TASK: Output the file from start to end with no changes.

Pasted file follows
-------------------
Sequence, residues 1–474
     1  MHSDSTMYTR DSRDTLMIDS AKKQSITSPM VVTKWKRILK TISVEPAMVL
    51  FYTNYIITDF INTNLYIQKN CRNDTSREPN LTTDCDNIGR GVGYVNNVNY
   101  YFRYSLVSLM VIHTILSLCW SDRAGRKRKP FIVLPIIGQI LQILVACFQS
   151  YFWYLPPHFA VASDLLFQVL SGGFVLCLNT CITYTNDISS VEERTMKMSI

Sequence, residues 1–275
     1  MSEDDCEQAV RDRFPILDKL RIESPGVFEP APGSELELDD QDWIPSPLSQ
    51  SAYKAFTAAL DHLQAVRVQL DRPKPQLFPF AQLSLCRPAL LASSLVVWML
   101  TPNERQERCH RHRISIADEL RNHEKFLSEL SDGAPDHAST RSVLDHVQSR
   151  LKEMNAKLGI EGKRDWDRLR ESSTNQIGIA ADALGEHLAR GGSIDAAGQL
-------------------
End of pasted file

Sequence, residues 1–474
     1  MHSDSTMYTR DSRDTLMIDS AKKQSITSPM VVTKWKRILK TISVEPAMVL
    51  FYTNYIITDF INTNLYIQKN CRNDTSREPN LTTDCDNIGR GVGYVNNVNY
   101  YFRYSLVSLM VIHTILSLCW SDRAGRKRKP FIVLPIIGQI LQILVACFQS
   151  YFWYLPPHFA VASDLLFQVL SGGFVLCLNT CITYTNDISS VEERTMKMSI

Sequence, residues 1–275
     1  MSEDDCEQAV RDRFPILDKL RIESPGVFEP APGSELELDD QDWIPSPLSQ
    51  SAYKAFTAAL DHLQAVRVQL DRPKPQLFPF AQLSLCRPAL LASSLVVWML
   101  TPNERQERCH RHRISIADEL RNHEKFLSEL SDGAPDHAST RSVLDHVQSR
   151  LKEMNAKLGI EGKRDWDRLR ESSTNQIGIA ADALGEHLAR GGSIDAAGQL